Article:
10 replies on “Self-Portrait”
I got to your site through acu.edu (I went to ACU, too).
I am interested in your self-portrait project, and would like to toy with doing one myself. My singular question right now is how you made the transfer from the “pixelated” image to selecting matching color swatches.
Okay… one more question. Is there a technique to mounting the chips between the layers of acrylic?
Thanks in advance… Todd
Thanks for writing, and good questions.
Transferring from the pixelated image to the actual paint swatches was tricky. Its all up to your eye. The funniest part is that the “value” ends up being more important to visual recognition, rather than the “color.” The dark or lightness of the swatch makes it work.
I did some tests and found that spray adhesive on the back of the swatch worked best. It’s delicate, because if you load it on too much, it fogs up the plexiglass. But if you don’t put on enough it falls off. I sprayed a light coat on the swatch, and after storing it for a year, several had fallen out of place. I had to open it up and re-glue some of them to display it a second time.
Would you mind if I posted your questions on the site?
Absolutely! Feel free to post my questions / your comments. I’m all for the open source mentality. In fact, I’m sure that if you put some guidelines / process up on your site, you could easily get traffic via make.com, et. al. If you are interested, I’d be glad to be a part.
I guess I wondered if there was a way to get a color value (CMYK, PMS, Lab, etc.) and input that information into the color matching computer at Home Depot. Might be an easy transfer if that information is available. There would also be the possibility of printing a 2″ x 2″ swatch of the read color and take it to Depot to do a “manual” match.
Well, I’ll get back to you if I have more thoughts. If I end up doing a similar project, I’ll let you know and send documentation.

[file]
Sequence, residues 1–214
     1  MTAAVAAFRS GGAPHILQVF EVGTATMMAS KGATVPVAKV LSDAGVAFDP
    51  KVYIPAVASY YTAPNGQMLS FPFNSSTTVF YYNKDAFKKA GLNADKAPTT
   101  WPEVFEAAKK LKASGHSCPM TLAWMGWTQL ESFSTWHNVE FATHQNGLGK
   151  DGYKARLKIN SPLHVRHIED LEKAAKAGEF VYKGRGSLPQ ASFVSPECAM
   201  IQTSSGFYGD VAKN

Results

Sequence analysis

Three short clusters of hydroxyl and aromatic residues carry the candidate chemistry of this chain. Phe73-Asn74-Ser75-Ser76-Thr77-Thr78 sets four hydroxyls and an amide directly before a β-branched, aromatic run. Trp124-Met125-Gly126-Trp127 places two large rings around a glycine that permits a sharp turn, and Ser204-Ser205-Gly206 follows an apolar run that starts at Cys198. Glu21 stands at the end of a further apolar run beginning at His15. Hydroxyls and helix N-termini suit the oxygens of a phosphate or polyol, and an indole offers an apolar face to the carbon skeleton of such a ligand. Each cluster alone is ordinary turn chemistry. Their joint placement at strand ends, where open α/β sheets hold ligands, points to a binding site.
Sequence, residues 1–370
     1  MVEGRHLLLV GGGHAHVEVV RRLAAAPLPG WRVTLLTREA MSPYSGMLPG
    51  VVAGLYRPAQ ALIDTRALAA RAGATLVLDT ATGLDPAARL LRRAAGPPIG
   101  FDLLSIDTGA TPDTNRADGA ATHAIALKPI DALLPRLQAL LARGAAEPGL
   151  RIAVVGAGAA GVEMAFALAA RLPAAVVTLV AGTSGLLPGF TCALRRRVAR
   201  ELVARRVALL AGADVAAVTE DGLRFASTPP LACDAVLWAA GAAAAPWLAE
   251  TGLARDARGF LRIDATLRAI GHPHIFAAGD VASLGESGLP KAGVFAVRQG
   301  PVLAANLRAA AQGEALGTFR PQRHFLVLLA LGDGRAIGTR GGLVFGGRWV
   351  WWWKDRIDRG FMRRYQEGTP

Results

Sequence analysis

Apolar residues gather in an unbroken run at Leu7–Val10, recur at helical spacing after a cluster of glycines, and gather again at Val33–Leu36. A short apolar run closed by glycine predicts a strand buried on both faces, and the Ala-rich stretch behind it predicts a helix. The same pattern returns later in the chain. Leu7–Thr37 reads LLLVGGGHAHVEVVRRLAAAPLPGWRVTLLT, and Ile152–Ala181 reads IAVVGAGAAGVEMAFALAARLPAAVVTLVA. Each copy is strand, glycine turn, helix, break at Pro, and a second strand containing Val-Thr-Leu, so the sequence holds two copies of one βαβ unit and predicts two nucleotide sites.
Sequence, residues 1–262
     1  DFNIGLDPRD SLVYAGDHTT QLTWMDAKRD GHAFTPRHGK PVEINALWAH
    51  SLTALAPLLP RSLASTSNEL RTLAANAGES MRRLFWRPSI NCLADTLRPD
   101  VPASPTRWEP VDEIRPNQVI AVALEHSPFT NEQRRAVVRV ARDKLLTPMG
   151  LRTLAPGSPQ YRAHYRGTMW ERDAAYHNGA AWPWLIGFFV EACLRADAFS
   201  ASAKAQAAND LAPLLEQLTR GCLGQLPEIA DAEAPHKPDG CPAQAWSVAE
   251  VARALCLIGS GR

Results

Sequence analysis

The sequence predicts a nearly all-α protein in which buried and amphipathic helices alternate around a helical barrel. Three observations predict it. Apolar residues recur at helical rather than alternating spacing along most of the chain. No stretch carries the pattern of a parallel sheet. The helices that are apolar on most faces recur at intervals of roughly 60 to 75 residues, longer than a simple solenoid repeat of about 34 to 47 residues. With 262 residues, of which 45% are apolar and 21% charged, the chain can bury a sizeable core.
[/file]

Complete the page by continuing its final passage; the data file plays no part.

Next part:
This will give me something to ponder for a few days. (Sometimes the process of thinking through something is worth just as much as the finished product.)
While I think of it, your project reminded me of a site that outputs a (very) rasterized image from an uploaded photo. (example: I uploaded a picture of the Mona Lisa, and it sent back a PDF of the pictures as 77 4″x4″ pages. I then printed these labels on an industrial thermal label printer and assembled the image. I was quite pleased.) Lots of possibilities.
There is both an on-line version and a stand-alone version. Take your pick…
Thanks for the conversation. All the best…
[…] Yesterday, I went along with Leah to do an interview with Nathan Gibbs.¬† Please do¬†check out his art.¬† He’s brilliant. […]
[…] http://www.nathangibbs.com/self-portrait/ Self-Portrait (2002) questions purity, identity and identification, consumer culture, as well as […]
[…] Illinois Urbana-Champaign and an editor for the online magazine Smile Politely. She came across my Self-Portrait art piece online and wanted to include it in a lesson plan for a group of fifth and sixth grade students. She […]
[…] of my pieces (Self-Portrait, Race Cube, Crayola Monologues) were included in the group exhibit "Embracing Ambiguity: Faces […]
I am a high school art teacher and am interested in doing the color swatch portrait project with my class right away! (Sorry for the urgency) I think it’s a great idea and will get my student’s thinking about a broad range of subjects related to identity.
I teach Photoshop so this would be a good way to incorporate Photoshop and collage in my classroom.
I went to Lowes and got a lot of paint swatches, but i have over 150 students! How many swatches (around) would I need for each student? Since the name of the color is printed on the front, i don’t need to put the work on clear acetate and was thinking of having my students enlarge the names of color?
I looked over the lesson plan and power point presentation but the you tube video is not posted anymore so I have a few questions about the process.
Once I have a pixelated printout of each student’s portrait, do they just use that as a reference and glue down the blocks of color onto anther sheet of paper? Is that it? do the printouts need to be in color? Is it possible for you to email me the video?
Hope you don’t find this email overwhelming. I look forward to hearing from you. Thank you!